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APSU, DCS join forces to improve the lives of children in state care

4/16/2001
April 16, 2001

In CBS's award-winning drama, "Judging Amy," the supporting character, played by Tyne Daly as Amy's mother, is a veteran social worker who came out of retirement with fierce determination to help as many children as possible.

Undaunted by the monumental task, further complicated by bureaucratic barriers and rapidly rising numbers of "throw-away" children--she works tirelessly to improve the lives of the children who have become "part of the system."

This story line, which forces viewers to see children rather than statistics, is an indictment of society's efforts in this arena. Unfortunately, the challenges of children's services in "Judging Amy" are not gross exaggeration.

Tennessee's Department of Children Services (DCS), like that in most states, is under pressure to make drastic improvements in the lives of children in its custody.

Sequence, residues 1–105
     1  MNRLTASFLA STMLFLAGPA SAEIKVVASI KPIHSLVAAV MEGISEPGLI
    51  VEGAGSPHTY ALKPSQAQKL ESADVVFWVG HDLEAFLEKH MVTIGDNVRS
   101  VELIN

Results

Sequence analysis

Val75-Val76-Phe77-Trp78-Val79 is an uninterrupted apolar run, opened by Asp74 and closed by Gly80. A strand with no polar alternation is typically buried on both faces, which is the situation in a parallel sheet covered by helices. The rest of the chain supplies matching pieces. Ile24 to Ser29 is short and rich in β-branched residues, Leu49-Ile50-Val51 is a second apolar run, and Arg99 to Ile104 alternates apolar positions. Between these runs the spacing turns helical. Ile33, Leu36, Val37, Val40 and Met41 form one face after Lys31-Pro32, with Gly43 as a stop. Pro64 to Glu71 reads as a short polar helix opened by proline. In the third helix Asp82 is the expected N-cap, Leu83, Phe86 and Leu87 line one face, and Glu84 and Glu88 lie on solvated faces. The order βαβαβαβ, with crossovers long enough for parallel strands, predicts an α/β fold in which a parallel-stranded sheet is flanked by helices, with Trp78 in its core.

Austin Peay State University will play a major role in this statewide effort, thanks to a new $150,000 grant. Project director of the grant, titled Permanency Planning, is Glenn Carter, chair of the APSU social work department.

This collaboration became possible through an initiative from the Child and Family Policy Center at Vanderbilt University, where Carter's wife, Sharon, is a research associate, working under the direction of Debbie Miller, first lady of Nashville.

According to Carter, the grant money will be used to train 1,720 Community Service Agency (CSA) and DCS employees. Carter has been working on the project with Ken Steverson,, director of regional services for DCS, who calls this "a DCS effort to increase the professionalism of DCS."

Carter selected 20 faculty members from accredited social work programs statewide as the primary faculty.

These select faculty, who will be trained by experts from Hunter College of Social Work in New York during an intensive workshop in Nashville, will teach 69 classes of DCS and CSA employees across the state. Each class will take a full 14 hours.

Carter said, "By July 1, Tennessee will have a cadre of DCS and CSA employees who will know how to do a better job in managing children in their care."

For more information, telephone Carter at 7728.